Flaming Lips Venturing Into Double-Album Territory

Flaming Lips Venturing Into Double-Album Territory
Head Flaming Lip Wayne Coyne has spilled more details on the band's follow-up to 2006's At War with the Mystics, and by the sounds of things, we're getting a double album.

In a new interview with  Billboard, the freaky Oklahoman revealed that the group are shooting for a summer release date for the band's first venture into double-album territory, explaining that 13 tracks are already written, with around eight more to go before the yet-untitled record is released via Warner Bros.

"Somewhere along the way it occurred to me that we should do a double album," Coyne says. "Just this idea that you can kind of weave a couple of themes into there and you can sort of sprawl a little bit. Our past couple of records we've always had this little dilemma, like how many songs do you put on? How many instruments do you put on? What's the focus?  

"And some of my favourite records - thinking Beatles White Album, Zeppelin's Physical Graffiti and even some of the longer things that the Clash have done -part of the reason I like them is that they're not focused. They're kind of like a free-for-all and go everywhere. It's not necessarily because we're prolific, I think we always stay in a sort of perpetual panic of like, we never have more songs than we need and we always wonder if any of them are any good to begin with. I do think we probably work best in a panic, so maybe it's best that I planned it this way."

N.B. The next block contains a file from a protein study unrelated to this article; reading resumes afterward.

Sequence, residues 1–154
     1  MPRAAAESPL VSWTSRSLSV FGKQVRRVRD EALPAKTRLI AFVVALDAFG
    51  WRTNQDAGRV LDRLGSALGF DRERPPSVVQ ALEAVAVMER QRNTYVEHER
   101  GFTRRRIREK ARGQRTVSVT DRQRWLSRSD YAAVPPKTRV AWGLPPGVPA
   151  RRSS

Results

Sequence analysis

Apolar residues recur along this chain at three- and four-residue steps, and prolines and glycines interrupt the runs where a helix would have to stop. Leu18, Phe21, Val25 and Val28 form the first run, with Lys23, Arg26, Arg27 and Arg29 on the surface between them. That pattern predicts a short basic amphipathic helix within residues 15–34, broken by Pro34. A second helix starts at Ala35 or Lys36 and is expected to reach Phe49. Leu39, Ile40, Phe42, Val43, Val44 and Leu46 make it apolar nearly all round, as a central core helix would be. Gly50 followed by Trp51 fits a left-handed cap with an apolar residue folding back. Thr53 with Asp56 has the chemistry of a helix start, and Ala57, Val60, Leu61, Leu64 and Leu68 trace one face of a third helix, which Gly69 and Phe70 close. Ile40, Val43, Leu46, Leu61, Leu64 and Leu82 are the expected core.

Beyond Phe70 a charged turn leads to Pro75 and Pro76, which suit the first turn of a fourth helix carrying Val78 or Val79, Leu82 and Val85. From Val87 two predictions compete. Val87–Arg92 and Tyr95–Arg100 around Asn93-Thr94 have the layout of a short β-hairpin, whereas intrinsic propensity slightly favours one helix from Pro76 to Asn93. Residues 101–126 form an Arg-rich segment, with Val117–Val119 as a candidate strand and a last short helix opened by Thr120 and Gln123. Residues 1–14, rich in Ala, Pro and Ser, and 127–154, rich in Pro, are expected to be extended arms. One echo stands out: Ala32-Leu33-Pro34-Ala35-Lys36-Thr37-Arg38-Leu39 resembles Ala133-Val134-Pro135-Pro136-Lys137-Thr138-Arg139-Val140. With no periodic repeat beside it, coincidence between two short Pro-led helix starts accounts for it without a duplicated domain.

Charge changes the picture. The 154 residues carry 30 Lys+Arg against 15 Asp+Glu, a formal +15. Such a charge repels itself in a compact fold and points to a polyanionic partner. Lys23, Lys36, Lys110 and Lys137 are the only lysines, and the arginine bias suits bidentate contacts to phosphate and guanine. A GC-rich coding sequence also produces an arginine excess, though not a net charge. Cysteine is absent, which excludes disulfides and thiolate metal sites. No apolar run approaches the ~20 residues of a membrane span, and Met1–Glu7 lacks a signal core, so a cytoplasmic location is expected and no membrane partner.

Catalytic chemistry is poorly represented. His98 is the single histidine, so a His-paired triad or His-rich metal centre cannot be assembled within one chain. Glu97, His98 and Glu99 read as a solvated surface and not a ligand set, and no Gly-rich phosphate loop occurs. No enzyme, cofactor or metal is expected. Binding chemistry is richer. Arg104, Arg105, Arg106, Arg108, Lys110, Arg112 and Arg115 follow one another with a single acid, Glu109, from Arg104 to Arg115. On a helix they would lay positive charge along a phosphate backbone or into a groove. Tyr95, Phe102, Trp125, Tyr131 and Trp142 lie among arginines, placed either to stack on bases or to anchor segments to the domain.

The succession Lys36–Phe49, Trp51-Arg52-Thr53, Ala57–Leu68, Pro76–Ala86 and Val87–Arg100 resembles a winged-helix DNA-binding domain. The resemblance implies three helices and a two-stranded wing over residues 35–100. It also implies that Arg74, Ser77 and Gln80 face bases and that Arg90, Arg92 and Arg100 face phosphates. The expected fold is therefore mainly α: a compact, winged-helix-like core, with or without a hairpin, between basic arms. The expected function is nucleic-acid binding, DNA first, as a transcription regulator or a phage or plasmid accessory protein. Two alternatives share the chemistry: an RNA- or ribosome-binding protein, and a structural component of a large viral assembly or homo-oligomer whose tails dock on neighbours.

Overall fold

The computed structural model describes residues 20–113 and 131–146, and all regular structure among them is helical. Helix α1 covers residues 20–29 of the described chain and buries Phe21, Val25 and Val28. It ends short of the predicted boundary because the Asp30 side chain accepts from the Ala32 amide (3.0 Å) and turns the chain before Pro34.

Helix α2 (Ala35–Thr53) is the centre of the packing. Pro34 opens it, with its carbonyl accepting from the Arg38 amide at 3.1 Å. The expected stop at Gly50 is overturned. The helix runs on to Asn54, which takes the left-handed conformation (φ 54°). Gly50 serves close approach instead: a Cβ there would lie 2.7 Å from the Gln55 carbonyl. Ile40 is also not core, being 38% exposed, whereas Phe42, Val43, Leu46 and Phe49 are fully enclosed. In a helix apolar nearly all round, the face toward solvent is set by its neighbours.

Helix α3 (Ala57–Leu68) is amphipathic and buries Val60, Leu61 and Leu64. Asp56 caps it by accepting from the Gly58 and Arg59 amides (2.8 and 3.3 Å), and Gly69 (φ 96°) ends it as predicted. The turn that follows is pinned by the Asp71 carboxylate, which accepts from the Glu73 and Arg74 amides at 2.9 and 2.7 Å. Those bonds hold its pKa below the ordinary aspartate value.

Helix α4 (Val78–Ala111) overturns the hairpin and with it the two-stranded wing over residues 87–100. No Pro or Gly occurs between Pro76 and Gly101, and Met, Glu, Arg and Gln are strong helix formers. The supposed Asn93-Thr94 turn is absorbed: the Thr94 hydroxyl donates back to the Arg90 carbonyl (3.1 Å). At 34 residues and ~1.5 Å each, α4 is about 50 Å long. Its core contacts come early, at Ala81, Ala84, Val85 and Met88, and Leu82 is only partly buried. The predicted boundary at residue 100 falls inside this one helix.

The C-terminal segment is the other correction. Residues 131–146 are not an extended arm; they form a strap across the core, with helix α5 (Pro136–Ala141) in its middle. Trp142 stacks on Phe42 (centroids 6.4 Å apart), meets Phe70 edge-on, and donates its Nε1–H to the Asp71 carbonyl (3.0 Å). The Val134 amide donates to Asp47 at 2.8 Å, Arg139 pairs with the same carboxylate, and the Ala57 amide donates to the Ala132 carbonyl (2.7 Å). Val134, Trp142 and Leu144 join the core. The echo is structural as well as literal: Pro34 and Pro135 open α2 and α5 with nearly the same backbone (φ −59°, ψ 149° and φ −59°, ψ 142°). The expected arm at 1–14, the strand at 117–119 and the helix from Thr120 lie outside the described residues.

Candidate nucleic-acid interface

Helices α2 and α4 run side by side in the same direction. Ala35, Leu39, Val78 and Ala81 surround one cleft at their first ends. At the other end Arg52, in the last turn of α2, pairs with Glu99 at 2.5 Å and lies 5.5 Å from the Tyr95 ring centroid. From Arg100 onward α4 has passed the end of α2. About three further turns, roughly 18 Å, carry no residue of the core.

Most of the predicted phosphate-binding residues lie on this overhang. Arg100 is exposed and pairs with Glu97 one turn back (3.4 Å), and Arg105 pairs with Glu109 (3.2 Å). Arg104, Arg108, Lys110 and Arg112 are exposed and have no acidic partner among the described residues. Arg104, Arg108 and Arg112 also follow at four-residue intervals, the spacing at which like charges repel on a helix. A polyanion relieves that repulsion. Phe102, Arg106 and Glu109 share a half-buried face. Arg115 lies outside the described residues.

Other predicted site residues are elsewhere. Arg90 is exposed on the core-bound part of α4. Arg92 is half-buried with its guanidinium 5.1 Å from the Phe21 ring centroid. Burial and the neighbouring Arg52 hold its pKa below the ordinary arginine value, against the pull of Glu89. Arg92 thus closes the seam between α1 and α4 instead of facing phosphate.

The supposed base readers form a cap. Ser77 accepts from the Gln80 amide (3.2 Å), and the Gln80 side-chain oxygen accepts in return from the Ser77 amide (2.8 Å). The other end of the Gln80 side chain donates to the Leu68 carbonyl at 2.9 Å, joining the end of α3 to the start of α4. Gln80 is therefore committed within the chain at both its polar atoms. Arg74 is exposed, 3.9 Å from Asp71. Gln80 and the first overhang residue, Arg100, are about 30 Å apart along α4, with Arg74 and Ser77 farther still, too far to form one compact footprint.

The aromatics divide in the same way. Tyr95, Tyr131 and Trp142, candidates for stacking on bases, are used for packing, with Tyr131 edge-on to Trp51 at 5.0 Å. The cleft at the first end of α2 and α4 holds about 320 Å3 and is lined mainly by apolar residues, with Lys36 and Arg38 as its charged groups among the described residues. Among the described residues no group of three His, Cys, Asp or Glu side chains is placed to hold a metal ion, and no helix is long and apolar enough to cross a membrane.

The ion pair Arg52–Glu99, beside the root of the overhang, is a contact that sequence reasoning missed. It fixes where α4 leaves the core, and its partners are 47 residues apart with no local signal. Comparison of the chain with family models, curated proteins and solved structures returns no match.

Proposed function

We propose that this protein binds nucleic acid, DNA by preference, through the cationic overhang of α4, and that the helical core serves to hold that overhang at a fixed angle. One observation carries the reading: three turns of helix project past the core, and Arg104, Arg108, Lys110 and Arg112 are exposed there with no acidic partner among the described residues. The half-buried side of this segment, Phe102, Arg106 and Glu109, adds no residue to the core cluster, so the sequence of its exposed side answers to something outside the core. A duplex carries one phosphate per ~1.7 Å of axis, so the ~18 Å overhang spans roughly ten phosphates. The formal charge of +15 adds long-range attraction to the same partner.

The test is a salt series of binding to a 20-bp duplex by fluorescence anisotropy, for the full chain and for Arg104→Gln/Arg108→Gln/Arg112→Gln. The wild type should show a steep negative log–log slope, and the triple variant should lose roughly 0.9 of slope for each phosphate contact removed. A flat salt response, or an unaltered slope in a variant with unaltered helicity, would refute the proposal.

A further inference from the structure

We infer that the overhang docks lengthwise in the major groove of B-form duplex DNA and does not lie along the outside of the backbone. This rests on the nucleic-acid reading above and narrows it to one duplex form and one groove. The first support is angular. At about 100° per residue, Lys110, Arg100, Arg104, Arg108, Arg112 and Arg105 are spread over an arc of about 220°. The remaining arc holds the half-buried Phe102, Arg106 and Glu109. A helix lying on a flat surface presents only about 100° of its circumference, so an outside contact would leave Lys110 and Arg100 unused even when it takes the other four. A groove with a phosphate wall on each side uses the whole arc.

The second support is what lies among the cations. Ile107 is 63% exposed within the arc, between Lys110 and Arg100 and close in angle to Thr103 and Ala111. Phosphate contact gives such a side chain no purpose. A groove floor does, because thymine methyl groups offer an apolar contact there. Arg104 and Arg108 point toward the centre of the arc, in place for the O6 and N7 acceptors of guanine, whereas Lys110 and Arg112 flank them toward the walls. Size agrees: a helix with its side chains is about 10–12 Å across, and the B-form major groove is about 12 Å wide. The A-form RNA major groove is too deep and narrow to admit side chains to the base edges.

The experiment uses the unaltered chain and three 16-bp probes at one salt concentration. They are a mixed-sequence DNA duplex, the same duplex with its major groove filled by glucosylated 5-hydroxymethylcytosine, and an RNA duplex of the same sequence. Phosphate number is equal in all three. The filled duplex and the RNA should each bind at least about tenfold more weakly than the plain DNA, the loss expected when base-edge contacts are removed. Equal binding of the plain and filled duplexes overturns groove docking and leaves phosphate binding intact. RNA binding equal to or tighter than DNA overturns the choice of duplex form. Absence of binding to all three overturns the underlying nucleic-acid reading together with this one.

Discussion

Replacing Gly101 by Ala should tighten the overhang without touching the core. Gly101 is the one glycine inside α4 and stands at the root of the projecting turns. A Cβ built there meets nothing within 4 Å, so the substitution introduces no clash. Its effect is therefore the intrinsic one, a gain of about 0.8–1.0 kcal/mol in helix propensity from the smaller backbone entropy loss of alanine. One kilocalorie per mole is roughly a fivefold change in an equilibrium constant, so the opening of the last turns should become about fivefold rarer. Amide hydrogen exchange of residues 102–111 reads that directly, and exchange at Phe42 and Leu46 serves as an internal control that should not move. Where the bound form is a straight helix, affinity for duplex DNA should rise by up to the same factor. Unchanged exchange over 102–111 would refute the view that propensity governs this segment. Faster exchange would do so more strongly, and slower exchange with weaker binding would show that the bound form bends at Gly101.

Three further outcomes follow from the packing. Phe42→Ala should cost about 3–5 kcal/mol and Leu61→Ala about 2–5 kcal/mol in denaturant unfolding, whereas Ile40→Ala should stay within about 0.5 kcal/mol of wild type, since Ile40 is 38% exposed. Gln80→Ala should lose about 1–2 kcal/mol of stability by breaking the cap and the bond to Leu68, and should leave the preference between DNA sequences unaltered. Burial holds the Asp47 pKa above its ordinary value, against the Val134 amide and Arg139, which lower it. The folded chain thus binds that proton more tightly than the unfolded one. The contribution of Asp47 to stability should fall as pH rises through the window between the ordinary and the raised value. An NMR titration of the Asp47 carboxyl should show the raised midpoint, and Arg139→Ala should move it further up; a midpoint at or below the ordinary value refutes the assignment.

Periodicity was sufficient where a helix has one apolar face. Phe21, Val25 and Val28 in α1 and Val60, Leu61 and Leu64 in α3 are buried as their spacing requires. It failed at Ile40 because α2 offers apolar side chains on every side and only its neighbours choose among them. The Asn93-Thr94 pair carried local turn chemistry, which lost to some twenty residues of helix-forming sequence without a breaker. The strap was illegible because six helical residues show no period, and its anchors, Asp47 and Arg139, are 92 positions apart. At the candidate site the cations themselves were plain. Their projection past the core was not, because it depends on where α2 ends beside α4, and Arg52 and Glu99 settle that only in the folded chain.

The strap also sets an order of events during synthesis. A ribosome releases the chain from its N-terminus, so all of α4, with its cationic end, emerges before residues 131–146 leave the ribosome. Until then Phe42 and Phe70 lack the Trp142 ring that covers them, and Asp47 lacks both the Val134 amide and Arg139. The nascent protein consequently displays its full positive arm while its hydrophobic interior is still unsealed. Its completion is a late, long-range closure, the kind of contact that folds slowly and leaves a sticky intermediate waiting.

Coyne went on to say that the new material has quite a different vibe from the band's previous work, citing the new track "Convinced of the Hex" as being "Joy Division meets Miles Davis" and the song "I Don't Understand Karma" as his response to John Lennon's "Instant Karma."

"I think with this there was an element of accidentally stumbling upon more spontaneous sort of freak-out stuff," Coyne says. "We were sitting at [drummer] Steven's house and we just started out having these freak-out jam sessions where he'd play drums and I'd play bass and we just would sort of do freaky stuff. Some of those recordings, even though they're not recorded very well, really had a spontaneity about them that we probably wouldn't have purposely done.  

"So we just went with some of that and use those as sort of the bedrock of what we'd do later on with overdubs and lyrics and stuff like that. It sounds very exciting."